Breaking News This Morning ...
Receiving Wide Coverage ...
Reopened: Congress Wednesday passed a bill to fund the government through January 15 and raise the debt ceiling until February 7. This ends the government shutdown, with offices re-opening today. The Washington Post reports that the deal averts catastrophe, but leaves the U.S. economy open to new threats, given its accompanying "kick-the-can-down-the-road" deadlines. More big picture coverage is here: Wall Street Journal, New York Times, Financial Times
JPM Update: The Commodity Futures Trading Commission made its widely reported "London Whale" settlement with JPMorgan Chase official Wednesday. As anticipated, the settlement includes a $100 million fine and, according to the Times, an admission of "wrongdoing" tied to a Dodd-Frank law preventing banks from recklessly using a "manipulative device" in the credit derivatives market. Per the FT, one CFTC commissioner, Scott O'Malia, dissented in a vote on the settlement, believing it let the bank off too easy. "I am concerned that in a rush to join in on a settlement brokered by other regulators, the commission may be missing the opportunity to pursue allegations of greater wrongdoing price manipulation," he said. Still, Dealbook reports the CFTC's invocation of this Dodd-Frank rule which can be violated unintentionally should put other big banks on high alert: "With the rule beginning to bear fruit in this case, legal experts say, it could portend a wave of other actions against banks and hedge funds that build outsize trading positions." The latest settlement puts the total of JPM's "Whale" fines over $1 billion, but that wasn't the only bad news for chief executive Jamie Dimon to hit the news cycle yesterday. An anonymouse is now telling the Journal that Dimon did, in fact, step down as chairman of the lender's main bank subsidiary in July at the suggestion of the Office of the Comptroller of the Currency. (A spokesperson for the bank had previously denied the move was tied to any type of outside regulatory pressure.) But, hey, at least Warren Buffet believes Dimon can weather the regulatory storm.
BAC Earnings Revisited: The media's response to Bank of America's robust third-quarter earnings appears a bit muted, comparatively speaking at least. But while chief executive Brian Moynihan has escaped any severe pundit bloodlust, a few second-day takeaways have emerged. For instance, could legacy issues get ugly again? And what does the bank's decision to release $1.4 billion of reserves it set aside against loan losses portend for future earnings? "Reserve releases are a legitimate move, but they cannot last forever," notes the FT's Lex column. "This poses a few questions for investors. One is whether the U.S. economy can pick up before these reserve releases run their course. Another is at what level reserves become low enough that credit clouds become a worry again."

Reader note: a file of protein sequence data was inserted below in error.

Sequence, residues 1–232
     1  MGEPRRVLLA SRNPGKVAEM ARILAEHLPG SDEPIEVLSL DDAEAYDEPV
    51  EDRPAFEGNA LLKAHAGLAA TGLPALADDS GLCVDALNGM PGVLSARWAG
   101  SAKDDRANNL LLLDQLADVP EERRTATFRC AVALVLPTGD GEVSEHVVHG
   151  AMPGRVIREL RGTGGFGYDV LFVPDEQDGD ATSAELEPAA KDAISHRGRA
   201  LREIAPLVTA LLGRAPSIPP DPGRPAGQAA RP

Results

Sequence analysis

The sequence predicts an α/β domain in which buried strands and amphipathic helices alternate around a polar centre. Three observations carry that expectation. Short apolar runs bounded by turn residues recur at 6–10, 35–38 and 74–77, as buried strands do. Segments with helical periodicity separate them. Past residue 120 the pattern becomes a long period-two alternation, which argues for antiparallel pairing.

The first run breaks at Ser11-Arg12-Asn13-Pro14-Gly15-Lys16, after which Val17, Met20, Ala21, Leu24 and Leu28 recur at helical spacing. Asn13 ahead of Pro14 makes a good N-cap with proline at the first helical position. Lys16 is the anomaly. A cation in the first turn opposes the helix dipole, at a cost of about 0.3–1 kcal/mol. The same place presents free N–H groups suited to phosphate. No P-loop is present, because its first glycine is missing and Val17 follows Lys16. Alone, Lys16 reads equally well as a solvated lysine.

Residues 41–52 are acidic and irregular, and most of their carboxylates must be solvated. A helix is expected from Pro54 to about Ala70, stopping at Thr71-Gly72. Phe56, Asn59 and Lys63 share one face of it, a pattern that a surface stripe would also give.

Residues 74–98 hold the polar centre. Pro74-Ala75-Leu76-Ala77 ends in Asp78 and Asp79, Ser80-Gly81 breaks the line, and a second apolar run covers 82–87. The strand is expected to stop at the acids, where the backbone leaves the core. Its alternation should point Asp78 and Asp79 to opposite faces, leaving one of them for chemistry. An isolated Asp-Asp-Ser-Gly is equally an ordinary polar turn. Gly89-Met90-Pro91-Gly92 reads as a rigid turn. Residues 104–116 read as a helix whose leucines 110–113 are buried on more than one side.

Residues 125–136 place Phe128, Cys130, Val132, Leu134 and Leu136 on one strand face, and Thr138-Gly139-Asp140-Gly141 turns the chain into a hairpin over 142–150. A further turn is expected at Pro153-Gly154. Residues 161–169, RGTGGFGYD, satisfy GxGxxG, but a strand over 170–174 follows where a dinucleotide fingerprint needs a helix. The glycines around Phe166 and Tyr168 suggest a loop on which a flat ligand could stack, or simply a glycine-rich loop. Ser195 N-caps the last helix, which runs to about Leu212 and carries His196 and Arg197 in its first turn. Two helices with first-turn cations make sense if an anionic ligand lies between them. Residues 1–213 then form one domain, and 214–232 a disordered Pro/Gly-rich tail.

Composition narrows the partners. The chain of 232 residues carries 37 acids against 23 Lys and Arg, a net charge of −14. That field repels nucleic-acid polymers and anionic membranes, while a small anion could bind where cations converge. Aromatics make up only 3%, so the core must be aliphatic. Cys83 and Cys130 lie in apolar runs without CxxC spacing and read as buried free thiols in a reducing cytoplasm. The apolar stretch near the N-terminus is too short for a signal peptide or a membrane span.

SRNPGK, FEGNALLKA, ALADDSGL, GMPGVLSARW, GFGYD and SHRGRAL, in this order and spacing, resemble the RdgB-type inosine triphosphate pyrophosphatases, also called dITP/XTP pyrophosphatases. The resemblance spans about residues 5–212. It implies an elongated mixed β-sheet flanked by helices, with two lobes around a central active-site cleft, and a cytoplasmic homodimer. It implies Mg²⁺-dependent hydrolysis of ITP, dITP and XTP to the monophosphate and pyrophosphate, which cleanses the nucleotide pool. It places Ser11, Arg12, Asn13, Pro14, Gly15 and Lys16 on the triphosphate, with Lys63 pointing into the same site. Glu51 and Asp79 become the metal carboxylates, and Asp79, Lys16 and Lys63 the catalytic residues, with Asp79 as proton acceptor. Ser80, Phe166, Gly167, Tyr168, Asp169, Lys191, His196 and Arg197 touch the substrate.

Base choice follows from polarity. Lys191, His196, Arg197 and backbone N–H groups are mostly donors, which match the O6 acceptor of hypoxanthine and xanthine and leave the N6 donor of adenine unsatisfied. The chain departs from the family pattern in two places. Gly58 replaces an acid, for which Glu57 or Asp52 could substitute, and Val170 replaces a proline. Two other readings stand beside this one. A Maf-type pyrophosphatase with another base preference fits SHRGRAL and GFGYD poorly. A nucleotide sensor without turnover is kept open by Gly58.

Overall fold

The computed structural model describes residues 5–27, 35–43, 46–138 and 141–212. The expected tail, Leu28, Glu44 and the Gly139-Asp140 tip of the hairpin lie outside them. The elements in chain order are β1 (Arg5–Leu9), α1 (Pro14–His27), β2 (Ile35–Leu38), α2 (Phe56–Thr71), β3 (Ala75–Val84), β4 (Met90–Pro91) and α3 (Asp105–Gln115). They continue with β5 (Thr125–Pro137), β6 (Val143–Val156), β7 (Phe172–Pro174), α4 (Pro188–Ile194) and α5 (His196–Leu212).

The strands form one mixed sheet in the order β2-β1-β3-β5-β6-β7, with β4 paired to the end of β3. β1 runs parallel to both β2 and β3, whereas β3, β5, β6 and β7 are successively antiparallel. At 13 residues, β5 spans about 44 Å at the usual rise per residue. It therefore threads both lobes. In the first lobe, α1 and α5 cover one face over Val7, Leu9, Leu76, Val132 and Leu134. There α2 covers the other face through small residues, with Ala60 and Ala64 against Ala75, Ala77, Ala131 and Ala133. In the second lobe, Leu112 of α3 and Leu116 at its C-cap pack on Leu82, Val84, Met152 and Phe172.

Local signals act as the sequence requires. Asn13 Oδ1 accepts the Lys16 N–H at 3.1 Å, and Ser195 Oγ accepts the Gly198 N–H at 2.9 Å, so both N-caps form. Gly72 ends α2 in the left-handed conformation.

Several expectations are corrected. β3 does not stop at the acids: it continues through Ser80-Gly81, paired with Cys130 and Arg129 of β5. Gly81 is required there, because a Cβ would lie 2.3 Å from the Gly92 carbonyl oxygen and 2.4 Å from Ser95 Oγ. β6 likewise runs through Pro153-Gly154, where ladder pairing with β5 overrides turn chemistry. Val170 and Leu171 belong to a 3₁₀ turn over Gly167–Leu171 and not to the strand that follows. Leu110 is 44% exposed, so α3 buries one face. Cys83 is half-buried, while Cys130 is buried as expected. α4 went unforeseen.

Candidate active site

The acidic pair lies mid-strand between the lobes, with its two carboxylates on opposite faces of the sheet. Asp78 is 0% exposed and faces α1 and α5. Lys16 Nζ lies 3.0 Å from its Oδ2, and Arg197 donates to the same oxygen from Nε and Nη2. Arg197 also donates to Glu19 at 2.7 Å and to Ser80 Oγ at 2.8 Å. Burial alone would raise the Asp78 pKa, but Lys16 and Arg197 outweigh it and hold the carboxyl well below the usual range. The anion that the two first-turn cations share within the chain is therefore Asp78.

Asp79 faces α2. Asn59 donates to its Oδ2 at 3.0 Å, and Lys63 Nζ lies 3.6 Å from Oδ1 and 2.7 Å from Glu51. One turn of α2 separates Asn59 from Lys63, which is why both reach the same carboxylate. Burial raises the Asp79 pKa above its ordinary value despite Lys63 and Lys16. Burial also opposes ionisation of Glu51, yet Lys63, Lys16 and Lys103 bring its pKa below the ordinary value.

Mark Cuban Cleared: Celebrity billionaire Mark Cuban was cleared of insider trader charges by a federal jury on Wednesday. The jury's decision is framed as a setback for the Securities and Exchange Commission's tougher enforcement stance by both the Journal and the Times.
Wall Street Journal
A study finds that stockbrokers are being routinely allowed to strike customer complaints from their public records. "The systematic polishing of records raises a fresh concern about the oversight of brokers by the Financial Industry Regulatory Authority," the article notes.
This Heard on the Street column predicts the Federal Reserve won't start tapering its bond-buying program until March, as the central bank "will probably want to avoid doing anything to discomfit markets until the risk of another showdown" over government funding/the debt ceiling has passed.
New York Times
The latest report on the national mortgage settlement finds banks are running ahead of schedule in doling out relief, but critics maintain "too much relief was given to people who gave up their homes in short sales and not enough to help people retain their homes."
Columnist Andrea Peterson defends virtual currencies, including Bitcoin, in response to a white paper from McAfee that warns of their use in cybercrime. "I don't see anyone shying away from accepting paper dollar bills because someone, somewhere is using that same medium to buy cocaine," she writes.